Self-Regulatory Organizations; Financial Industry Regulatory Authority, Inc.; Order Approving a Proposed Rule Change Amending FINRA Rule 14107 of the Code of Mediation Procedure To Provide the Director of Mediation With Discretion to Determine Whether Parties to a FINRA Mediation May Select a Mediator Who Is Not on FINRA's Mediator Roster
Table of Contents Back to Top
- I. Introduction
- II. Description of the Proposal
- III. Discussion of Comment Letters
- IV. Commission's Findings
- V. Conclusion
May 22, 2012.
I. Introduction Back to Top
On February 9, 2012, the Financial Industry Regulatory Authority, Inc. (“FINRA”) filed with the Securities and Exchange Commission (“SEC” or “Commission”), pursuant to Section 19(b)(1) of the Securities Exchange Act of 1934 (“Exchange Act” or “Act”)  and Rule 19b-4 thereunder,  a proposed rule change to amend FINRA Rule 14107 of the Code of Mediation Procedure (“Mediation Code”) to provide the Director of Mediation (“Mediation Director”) with discretion to determine whether parties to a FINRA mediation may select a mediator who is not on FINRA's mediator roster, subject to certain conditions. The proposed rule change was published for comment in the Federal Register on February 28, 2011.  The Commission received five comment letters on the proposed rule change,  and a response to comments from FINRA.  This order approves the proposed rule change.
II. Description of the Proposal Back to Top
As stated in the Notice, FINRA's Mediation Code currently permits parties to mediation to select a mediator either from a list of FINRA mediators supplied by the Mediation Director, or from a list or other source of their own choosing. Although parties usually select a FINRA mediator, parties may select a mediator who is not on FINRA's roster.
FINRA has administered its mediation program for over 15 years. FINRA stated in the Notice that during this time it has developed a deep roster of seasoned securities mediators. Specifically, FINRA represented that its staff carefully screens every mediator applicant, and that the National Arbitration and Mediation Committee (“NAMC”)  (through its Mediation Subcommittee) reviews and approves each application. FINRA stated that its staff then conducts a background check of approved applicants before placing them on the mediator roster. FINRA also stated that its staff engages in ongoing evaluation of the mediators on its roster by eliciting evaluations of its mediators from parties and counsel who have participated in mediation and conducting periodic quality control reviews of their mediators.
Non-FINRA mediators are not subject to FINRA's screening process, background check, and periodic evaluation. Accordingly, FINRA stated that the selection of a non-FINRA mediator raises concerns for the forum. FINRA stated, however, that if a mediator expresses an interest in applying to be a FINRA mediator, and FINRA's program would benefit by adding the mediator, FINRA staff believes it would be prudent to permit a non-FINRA mediator chosen by the parties to serve on a case. But FINRA stated that if a mediator does not apply for FINRA's roster or FINRA believes the mediator is not appropriate for its forum, the Mediation Director should have the discretion to deny the parties' mediator selection.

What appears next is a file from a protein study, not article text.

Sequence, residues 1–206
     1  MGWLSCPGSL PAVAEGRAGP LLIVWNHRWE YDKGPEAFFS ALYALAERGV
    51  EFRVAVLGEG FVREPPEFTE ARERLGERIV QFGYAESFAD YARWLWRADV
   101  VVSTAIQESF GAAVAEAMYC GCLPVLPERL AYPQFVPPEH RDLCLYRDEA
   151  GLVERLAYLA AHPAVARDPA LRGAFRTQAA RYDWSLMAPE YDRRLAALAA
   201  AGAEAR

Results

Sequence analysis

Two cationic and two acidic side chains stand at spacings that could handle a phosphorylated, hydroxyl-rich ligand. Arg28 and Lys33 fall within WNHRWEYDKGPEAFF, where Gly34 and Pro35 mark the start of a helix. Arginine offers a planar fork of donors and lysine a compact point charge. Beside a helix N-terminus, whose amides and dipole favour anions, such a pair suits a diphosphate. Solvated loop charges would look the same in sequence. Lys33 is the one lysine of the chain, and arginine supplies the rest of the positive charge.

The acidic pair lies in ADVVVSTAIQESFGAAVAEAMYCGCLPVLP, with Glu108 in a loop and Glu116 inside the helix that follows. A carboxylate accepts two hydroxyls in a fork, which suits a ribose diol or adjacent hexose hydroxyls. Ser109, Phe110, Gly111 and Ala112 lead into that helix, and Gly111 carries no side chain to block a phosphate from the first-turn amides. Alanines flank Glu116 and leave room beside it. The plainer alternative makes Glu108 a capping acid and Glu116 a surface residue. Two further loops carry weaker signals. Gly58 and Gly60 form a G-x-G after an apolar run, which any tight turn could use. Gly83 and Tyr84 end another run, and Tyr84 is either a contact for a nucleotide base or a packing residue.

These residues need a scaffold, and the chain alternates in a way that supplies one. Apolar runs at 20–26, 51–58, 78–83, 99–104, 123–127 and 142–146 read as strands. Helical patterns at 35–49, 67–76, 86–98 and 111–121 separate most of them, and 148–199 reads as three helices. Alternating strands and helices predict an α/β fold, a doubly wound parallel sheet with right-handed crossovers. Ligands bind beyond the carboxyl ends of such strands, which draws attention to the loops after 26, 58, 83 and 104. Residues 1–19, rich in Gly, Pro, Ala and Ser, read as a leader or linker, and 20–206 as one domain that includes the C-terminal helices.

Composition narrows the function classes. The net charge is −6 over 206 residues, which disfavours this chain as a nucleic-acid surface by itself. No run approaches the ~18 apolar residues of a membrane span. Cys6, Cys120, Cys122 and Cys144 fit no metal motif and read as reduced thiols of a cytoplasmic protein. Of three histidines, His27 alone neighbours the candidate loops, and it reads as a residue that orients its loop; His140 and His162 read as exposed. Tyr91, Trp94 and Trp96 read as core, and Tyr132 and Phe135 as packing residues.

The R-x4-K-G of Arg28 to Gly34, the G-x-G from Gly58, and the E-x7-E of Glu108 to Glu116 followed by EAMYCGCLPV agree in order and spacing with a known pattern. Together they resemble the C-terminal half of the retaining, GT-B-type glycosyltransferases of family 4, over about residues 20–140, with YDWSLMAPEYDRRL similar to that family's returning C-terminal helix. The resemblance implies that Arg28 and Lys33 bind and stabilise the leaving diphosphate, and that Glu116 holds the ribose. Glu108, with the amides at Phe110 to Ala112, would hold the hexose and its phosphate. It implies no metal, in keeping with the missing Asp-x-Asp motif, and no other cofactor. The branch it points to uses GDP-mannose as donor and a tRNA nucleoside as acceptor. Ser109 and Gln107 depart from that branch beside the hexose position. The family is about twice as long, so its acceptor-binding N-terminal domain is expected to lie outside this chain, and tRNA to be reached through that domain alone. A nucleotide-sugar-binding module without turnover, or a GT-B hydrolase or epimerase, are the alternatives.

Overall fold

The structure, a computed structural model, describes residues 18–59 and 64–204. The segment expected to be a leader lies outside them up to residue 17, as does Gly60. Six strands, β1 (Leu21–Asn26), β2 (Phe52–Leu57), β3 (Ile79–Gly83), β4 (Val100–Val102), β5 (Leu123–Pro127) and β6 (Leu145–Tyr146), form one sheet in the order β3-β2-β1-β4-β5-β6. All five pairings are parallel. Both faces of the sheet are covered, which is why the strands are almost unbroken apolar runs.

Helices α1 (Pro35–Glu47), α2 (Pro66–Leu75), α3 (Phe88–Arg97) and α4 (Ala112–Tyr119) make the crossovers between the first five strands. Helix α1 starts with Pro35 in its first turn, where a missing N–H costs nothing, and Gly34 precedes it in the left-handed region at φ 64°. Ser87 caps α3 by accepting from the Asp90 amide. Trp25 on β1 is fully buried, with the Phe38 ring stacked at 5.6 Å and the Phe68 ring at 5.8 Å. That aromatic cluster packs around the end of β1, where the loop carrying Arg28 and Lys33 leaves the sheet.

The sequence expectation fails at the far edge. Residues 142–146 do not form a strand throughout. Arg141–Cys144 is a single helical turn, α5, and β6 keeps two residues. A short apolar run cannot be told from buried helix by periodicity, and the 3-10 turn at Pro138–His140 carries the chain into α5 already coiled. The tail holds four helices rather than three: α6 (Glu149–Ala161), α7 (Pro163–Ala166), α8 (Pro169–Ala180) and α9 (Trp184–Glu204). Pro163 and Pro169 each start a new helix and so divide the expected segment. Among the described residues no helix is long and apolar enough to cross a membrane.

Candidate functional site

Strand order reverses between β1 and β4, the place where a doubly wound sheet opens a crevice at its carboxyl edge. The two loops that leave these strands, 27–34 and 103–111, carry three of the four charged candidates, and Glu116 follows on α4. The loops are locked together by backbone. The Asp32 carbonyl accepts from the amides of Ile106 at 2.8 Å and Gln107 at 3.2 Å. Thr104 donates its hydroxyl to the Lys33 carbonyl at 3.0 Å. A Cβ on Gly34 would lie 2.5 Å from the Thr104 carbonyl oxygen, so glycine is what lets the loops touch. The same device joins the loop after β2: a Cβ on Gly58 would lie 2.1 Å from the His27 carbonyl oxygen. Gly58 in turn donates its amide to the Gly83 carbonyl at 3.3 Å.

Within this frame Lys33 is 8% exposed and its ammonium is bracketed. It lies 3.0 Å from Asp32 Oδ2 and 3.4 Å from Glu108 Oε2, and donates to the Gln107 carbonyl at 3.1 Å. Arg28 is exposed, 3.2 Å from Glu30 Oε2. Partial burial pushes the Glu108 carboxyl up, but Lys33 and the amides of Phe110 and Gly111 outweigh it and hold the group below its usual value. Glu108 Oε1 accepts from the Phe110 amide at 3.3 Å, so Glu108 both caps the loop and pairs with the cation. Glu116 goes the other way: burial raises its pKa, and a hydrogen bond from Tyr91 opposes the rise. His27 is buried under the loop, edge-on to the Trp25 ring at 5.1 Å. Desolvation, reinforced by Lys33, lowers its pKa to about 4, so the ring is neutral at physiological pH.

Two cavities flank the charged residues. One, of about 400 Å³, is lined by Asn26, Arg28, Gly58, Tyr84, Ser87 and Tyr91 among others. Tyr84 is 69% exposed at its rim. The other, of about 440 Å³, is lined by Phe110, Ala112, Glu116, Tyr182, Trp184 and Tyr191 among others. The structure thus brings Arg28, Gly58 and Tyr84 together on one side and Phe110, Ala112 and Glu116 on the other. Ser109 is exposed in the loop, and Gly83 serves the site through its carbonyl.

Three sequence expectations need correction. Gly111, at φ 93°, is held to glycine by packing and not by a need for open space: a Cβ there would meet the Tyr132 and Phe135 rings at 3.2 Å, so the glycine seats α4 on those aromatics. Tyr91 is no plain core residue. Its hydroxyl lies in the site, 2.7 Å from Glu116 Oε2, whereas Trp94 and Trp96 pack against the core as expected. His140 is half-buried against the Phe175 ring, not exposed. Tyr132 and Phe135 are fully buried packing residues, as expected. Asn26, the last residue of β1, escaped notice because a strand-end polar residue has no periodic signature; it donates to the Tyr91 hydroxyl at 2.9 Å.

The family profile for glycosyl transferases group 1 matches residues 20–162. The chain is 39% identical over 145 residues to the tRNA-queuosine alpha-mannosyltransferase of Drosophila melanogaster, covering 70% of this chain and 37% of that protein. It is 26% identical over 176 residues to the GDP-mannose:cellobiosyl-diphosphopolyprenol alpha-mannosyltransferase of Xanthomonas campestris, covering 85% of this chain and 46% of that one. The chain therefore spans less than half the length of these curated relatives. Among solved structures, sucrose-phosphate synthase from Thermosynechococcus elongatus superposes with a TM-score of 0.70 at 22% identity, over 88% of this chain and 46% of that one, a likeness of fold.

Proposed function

For these reasons, in part, FINRA proposed to amend Rule 14107(a) to state that a mediator may be selected, with the Mediation Director's approval upon receipt of the parties' joint request, from a list or other source the parties choose. Under the proposed rule, if the Mediation Director rejects the mediator selected, the parties would still be able to select a FINRA approved mediator or a different non-FINRA mediator subject to the same conditions as the rejected mediator, or to mediate their dispute elsewhere.
FINRA Rule 14107(c) provides that a mediator selected or assigned to mediate a matter must comply with FINRA rules relating to disclosures required of arbitrators unless, with respect to a mediator selected from a source other than a list provided by FINRA, the parties elect to waive such disclosure. The proposed rule change would amend Rule 14107(c) to state that the paragraph would apply to a non-FINRA mediator who is approved to serve on a FINRA mediation. 
The proposed rule change also would make two technical amendments to Rule 14107. It would amend Rule 14107(a) to change the bullet points to numbers to facilitate citation to particular provisions of Rule 14107(a). It would also amend Rule 14107(c) to replace the citation to Rule 12408 of the Customer Code of Arbitration Procedure to Rule 12405 to reflect that former Rule 12408 was re-numbered as part of a prior FINRA rule change. 
In the Notice, FINRA represented that giving the Mediation Director discretion to determine whether parties may select a mediator who is not on FINRA's mediator roster would protect the quality and integrity of the process for users of FINRA's mediation program.
III. Discussion of Comment Letters Back to Top
The Commission received five comment letters on the proposed rule change in response to the Notice.  Two commenters supported the proposal,  one supported the proposal with a suggested modification,  and two opposed the proposal. 
The PIABA Letter stated that the proposed rule change would assist forum participants in resolving their disputes. The St. John's Letter stated that giving the Mediation Director discretion in approving mediators not on FINRA's roster would help to ensure quality and efficiency in mediation.